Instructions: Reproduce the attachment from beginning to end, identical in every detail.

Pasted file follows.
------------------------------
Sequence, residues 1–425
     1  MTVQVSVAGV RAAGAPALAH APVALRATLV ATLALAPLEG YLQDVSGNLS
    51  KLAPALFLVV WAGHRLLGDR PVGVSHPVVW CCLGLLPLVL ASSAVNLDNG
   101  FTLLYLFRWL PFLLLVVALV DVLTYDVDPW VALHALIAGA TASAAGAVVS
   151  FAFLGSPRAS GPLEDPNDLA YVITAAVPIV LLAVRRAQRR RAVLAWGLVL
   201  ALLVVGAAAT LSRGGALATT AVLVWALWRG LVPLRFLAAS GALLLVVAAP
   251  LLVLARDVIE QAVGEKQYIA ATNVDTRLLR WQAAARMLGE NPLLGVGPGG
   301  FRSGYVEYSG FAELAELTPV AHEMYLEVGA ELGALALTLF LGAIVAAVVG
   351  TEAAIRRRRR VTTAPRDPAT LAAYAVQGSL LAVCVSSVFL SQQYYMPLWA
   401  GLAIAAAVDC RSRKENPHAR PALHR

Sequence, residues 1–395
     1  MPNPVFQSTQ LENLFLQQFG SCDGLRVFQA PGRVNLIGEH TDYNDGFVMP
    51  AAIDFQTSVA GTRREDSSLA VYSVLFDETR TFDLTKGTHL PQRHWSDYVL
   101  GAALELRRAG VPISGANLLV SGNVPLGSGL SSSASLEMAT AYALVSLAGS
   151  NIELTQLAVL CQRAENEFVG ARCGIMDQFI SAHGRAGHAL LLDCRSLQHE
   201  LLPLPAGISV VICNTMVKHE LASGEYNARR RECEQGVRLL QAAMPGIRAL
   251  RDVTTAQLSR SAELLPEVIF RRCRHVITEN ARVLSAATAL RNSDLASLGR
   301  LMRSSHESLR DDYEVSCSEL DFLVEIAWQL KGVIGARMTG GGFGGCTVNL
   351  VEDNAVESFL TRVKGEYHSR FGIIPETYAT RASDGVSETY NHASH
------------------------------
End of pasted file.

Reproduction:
Sequence, residues 1–425
     1  MTVQVSVAGV RAAGAPALAH APVALRATLV ATLALAPLEG YLQDVSGNLS
    51  KLAPALFLVV WAGHRLLGDR PVGVSHPVVW CCLGLLPLVL ASSAVNLDNG
   101  FTLLYLFRWL PFLLLVVALV DVLTYDVDPW VALHALIAGA TASAAGAVVS
   151  FAFLGSPRAS GPLEDPNDLA YVITAAVPIV LLAVRRAQRR RAVLAWGLVL
   201  ALLVVGAAAT LSRGGALATT AVLVWALWRG LVPLRFLAAS GALLLVVAAP
   251  LLVLARDVIE QAVGEKQYIA ATNVDTRLLR WQAAARMLGE NPLLGVGPGG
   301  FRSGYVEYSG FAELAELTPV AHEMYLEVGA ELGALALTLF LGAIVAAVVG
   351  TEAAIRRRRR VTTAPRDPAT LAAYAVQGSL LAVCVSSVFL SQQYYMPLWA
   401  GLAIAAAVDC RSRKENPHAR PALHR

Sequence, residues 1–395
     1  MPNPVFQSTQ LENLFLQQFG SCDGLRVFQA PGRVNLIGEH TDYNDGFVMP
    51  AAIDFQTSVA GTRREDSSLA VYSVLFDETR TFDLTKGTHL PQRHWSDYVL
   101  GAALELRRAG VPISGANLLV SGNVPLGSGL SSSASLEMAT AYALVSLAGS
   151  NIELTQLAVL CQRAENEFVG ARCGIMDQFI SAHGRAGHAL LLDCRSLQHE
   201  LLPLPAGISV VICNTMVKHE LASGEYNARR RECEQGVRLL QAAMPGIRAL
   251  RDVTTAQLSR SAELLPEVIF RRCRHVITEN ARVLSAATAL RNSDLASLGR
   301  LMRSSHESLR DDYEVSCSEL DFLVEIAWQL KGVIGARMTG GGFGGCTVNL
   351  VEDNAVESFL TRVKGEYHSR FGIIPETYAT RASDGVSETY NHASH